Archive for the ‘Recent News’ Category

Trumpeter Watch, a Citizen Science Project of The Trumpeter Swan Society kicks off Third Winter Season

November 2, 2011

See Our Preliminary Results Online Photo: Peg Abbott

Trumpeter Watch, a Citizen Science program of The Trumpeter Swan Society, encourages observers to help the Society document the changing distribution of wintering Trumpeter Swans in states south of the 40th parallel.

In recent decades wild nesting populations of Trumpeter Swans have been successfully restored across the Interior northern states and Ontario. As populations grow, we see evidence that more and more swans are pioneering southward to areas where they may establish more southerly wintering sites.  Little is known about these southward moving swans; the duration that they use various sites, the location and characteristic of prime feeding and resting areas, or what problems they may be encountering.  Observers are needed primarily in states south of the 40th parallel, during the winter season, to help chart trends in this new winter distribution.  You can help!

The largest wintering concentrations south of the 40th parallel to date occur in and around Riverlands Migratory Bird Sanctuary in the state of Missouri (along with adjacent southern Illinois) close to the confluence of the Missouri and Mississippi rivers.  At the peak of winter, over 500 Trumpeters may be present.  Of note is that marked and collared Trumpeters from all the northern states have been sighted here, indicating a certain, but unknown degree of mixing.  

Observers have tallied Trumpeters in 41 of 114 counties in Missouri, two of which have recorded winter counts of swans over 100 in number.  A dozen additional sites note groups of 10 or more.  The Heber Springs area of Arkansas is an important wintering site, and observers throughout the southern states are asked to be especially vigilant looking for collared birds marked during an experimental winter release program conducted in cooperation between the Arkansas Game and Fish Department and the Iowa Department of Natural Resources.  Kansas birders have recorded Trumpeters in 57 of 105 counties, and Oklahoma observers note them in 17 of 77 counties. We expect the lists to grow.  Be the first to add your county!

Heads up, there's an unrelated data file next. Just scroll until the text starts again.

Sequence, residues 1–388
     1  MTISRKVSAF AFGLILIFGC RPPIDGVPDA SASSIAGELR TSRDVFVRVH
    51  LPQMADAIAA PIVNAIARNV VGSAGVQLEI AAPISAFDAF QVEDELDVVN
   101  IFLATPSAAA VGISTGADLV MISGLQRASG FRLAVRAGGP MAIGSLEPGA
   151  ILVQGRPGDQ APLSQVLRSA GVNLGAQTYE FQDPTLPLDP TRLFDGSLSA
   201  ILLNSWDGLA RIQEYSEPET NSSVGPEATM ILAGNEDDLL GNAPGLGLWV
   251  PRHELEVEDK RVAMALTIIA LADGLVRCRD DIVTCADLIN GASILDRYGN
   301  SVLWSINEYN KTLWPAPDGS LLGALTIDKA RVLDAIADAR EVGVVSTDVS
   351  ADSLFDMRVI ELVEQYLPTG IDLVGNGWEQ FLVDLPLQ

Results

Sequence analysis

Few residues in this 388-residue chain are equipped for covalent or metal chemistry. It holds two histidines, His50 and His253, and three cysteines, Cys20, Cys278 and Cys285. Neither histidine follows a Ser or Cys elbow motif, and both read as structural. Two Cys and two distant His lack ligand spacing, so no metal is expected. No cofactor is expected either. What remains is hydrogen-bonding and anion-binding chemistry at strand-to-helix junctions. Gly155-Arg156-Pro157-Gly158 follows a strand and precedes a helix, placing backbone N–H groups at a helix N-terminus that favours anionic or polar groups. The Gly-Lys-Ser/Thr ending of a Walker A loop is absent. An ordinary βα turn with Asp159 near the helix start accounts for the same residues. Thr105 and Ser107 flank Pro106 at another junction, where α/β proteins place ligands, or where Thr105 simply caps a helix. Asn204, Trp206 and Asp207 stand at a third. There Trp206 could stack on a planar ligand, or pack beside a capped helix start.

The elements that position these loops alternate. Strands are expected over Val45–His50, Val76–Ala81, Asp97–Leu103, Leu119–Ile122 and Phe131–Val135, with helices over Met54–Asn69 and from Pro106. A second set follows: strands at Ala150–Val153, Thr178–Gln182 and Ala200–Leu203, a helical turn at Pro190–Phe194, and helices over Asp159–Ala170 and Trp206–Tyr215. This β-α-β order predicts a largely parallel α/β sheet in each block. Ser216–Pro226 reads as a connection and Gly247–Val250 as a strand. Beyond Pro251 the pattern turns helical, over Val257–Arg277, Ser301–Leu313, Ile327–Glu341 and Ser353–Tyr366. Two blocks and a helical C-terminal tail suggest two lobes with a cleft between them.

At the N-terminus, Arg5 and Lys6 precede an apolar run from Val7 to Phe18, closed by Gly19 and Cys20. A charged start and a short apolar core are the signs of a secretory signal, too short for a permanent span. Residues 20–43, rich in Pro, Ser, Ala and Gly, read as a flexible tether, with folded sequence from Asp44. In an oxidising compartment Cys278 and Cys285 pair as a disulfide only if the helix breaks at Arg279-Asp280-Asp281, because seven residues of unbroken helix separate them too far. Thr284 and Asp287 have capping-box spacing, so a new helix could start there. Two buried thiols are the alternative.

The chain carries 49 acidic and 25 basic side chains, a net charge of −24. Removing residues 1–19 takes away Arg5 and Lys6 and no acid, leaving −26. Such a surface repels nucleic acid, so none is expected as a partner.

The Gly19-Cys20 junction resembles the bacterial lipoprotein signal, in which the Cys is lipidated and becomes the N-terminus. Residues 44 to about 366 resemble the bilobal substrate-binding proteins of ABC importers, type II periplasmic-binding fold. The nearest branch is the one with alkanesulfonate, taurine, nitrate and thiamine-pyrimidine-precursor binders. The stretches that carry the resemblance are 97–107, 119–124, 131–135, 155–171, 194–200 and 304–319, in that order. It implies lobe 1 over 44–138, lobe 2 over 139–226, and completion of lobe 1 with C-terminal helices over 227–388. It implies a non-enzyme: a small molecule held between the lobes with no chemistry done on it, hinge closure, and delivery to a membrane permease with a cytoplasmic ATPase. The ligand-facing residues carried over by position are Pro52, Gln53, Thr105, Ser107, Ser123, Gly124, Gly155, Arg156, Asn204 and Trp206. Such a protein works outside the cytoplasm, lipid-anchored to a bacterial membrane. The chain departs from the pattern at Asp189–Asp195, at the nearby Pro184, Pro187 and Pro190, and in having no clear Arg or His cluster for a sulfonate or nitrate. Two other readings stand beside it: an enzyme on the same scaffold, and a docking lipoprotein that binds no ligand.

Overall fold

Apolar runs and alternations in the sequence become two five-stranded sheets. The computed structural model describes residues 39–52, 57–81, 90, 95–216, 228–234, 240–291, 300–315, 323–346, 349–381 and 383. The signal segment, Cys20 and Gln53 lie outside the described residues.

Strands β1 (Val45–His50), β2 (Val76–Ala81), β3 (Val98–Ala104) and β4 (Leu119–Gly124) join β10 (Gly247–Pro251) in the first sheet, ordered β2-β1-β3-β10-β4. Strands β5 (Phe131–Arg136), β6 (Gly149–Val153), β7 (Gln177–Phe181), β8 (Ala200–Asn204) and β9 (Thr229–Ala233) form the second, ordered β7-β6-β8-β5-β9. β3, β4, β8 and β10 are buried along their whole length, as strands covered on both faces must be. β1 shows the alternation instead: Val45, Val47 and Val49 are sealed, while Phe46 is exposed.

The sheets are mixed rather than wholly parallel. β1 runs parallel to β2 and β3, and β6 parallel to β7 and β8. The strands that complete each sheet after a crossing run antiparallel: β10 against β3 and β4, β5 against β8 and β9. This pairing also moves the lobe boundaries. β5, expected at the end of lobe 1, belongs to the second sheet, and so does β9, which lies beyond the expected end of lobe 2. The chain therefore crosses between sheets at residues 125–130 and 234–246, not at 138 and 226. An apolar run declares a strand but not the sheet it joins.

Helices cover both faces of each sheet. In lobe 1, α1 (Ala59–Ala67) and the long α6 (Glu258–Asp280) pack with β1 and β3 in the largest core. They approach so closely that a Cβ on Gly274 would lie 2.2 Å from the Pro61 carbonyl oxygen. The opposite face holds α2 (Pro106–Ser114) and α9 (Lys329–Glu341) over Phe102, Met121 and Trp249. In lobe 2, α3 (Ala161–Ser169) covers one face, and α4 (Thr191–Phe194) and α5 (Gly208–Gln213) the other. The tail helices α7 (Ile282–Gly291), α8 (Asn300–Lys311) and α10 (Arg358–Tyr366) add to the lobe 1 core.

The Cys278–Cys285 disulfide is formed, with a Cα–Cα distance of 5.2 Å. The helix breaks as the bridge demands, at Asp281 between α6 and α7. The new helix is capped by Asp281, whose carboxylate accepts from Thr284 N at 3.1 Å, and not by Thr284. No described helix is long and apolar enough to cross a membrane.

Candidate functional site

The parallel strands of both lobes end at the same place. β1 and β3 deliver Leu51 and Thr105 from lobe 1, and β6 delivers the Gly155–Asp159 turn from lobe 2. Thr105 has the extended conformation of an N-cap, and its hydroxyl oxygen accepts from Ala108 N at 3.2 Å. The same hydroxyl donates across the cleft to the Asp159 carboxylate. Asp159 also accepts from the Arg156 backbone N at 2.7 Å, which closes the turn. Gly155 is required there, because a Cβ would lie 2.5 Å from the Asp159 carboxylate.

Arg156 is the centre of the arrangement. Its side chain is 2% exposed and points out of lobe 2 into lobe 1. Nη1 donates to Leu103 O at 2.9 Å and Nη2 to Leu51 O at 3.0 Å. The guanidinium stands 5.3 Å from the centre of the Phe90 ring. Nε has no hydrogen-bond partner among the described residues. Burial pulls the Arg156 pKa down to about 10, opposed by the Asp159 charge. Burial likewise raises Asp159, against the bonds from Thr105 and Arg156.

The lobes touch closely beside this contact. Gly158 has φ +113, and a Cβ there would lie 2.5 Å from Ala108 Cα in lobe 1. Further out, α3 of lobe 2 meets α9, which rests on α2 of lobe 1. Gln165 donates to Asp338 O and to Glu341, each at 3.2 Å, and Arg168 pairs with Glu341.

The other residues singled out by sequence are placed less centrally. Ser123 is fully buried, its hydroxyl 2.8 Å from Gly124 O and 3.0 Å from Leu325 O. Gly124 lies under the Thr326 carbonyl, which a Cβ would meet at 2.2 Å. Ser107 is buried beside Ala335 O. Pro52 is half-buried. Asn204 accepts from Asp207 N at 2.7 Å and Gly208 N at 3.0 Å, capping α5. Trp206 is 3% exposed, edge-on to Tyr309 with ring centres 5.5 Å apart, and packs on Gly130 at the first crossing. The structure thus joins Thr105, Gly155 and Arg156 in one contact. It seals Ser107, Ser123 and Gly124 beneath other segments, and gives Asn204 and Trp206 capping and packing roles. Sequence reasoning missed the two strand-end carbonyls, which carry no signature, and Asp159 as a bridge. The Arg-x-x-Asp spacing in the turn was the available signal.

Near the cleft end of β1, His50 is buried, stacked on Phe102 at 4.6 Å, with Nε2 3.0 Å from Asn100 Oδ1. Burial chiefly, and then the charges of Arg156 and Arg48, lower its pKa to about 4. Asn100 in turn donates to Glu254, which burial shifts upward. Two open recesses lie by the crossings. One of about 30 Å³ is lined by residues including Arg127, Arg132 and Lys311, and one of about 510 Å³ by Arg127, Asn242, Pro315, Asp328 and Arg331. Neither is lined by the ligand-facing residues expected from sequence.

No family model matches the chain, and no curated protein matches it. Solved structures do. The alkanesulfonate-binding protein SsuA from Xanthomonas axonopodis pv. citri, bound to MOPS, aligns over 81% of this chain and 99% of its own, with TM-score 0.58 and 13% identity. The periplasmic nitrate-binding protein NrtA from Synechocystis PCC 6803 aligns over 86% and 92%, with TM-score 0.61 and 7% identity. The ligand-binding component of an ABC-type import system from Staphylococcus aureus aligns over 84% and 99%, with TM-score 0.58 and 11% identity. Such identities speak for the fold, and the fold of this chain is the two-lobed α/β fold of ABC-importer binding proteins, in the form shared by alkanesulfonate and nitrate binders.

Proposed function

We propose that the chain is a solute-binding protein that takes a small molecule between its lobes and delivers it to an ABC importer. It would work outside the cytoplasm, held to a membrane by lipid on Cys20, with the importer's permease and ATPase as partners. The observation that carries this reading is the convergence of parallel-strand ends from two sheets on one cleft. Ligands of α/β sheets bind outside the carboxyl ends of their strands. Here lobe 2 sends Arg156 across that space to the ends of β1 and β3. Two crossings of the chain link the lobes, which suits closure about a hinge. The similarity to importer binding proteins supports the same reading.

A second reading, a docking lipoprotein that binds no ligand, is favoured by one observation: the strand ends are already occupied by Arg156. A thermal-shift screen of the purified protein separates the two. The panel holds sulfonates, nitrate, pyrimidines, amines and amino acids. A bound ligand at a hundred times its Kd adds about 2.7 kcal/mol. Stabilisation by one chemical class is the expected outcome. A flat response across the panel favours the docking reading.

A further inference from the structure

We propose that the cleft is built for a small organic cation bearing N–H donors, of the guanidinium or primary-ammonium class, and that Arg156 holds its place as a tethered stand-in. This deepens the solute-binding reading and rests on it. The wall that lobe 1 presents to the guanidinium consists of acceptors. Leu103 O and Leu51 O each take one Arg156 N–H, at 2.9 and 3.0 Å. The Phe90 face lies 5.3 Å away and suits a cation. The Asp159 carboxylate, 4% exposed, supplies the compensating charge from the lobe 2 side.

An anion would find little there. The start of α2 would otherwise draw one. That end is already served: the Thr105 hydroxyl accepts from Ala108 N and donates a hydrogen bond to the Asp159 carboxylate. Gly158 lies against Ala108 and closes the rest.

We are compiling records throughout the southern states, and with increased participation, we are starting to look at winter distribution in the western states as well. You’ll find preliminary results of Trumpeter Watch, learn about tools of the trade, and find a chart you can download to help you find the origins of marked, collared, wing-tagged and banded Trumpeter Swans on our website. This is an exciting program that needs YOUR support!  We ask that you get involved with sightings, and that you make a donation – however large or small – to support our efforts, through membership or a direct project donation. All of our work is aimed at fulfilling our mission, to assure the security and vitality of wild Trumpeter Swans.


Trumpeter Swan Nest Survey Counts Reach Record High in 2011

September 28, 2011

Nesting Trumpeter Swan photo by Alan Sachanowski

A Recent Note from biologist and TTSS Board Member Sumner Matteson in Madison, Wisconsin:

In case folks inquire, we had a new record Wisconsin high of 192 nesting pairs of Trumpeter Swans in 23 counties.  Approximately 45 percent of nesting pairs occurred in two counties:  Polk and Burnett in northwestern Wisconsin.  In 2010, there were 176 nesting pairs in 24 counties, and in 2009, the former nesting peak was reached at 183 in 23 counties.  So, we continue our upward trend, but who’s counting?  This was our 25th year of the Trumpeter Swan Recovery Program, which has come a long way since our returning Board member, Becky Abel, helped with cross-fostering back in 1988 and then started her Master’s work on decoy-rearing in 1989. 

We fly the next few weeks to get a good handle on cygnet survival to fledging.  This summer, we again marked 100 cygnets during our roundups, thanks to the support of scores of volunteers, including about 20 interns from the International Crane Foundation in central Wisconsin.  Pat Manthey continues to coordinate field activities in northern Wisconsin, while I handle duties in central Wisconsin.  I concluded my fund-raising activities for the swan program, and we have sufficient funds for one more season of field work.  This will complete my post-delisting obligation to the state’s Natural Resources Board for annual monitoring of nesting swans.  Pat and I will have a 2-day retreat later this fall to chart a new course for the Department of Natural Resources for future swan monitoring, and I suspect that after next year, coordinated, statewide surveys of Trumpeters will likely occur once every 10 years.  

From Peg Abbott, Outreach Coordinator of TTSS:  Fascinating footage of recent capture and banding efforts can been seen on two YouTube videos, one from the perspective of a kayak paddler and another from land. I can tell you the kayak paddlers got a workout! 

Video one is from a kayak during the chase:

Video two is from the shore overlooking the efforts of the capture:


July 15, 2011

TTSS Helps Washington Swans!


Since 2005, when we first began the Adopt A Swan program, donors have contributed $10,324 to benefit Trumpeter Swans in Washington State, where lead poisoning has sickened and killed over 2,500 swans.  A list of these generous people, including a several wonderful grade school classes, can be found on our website.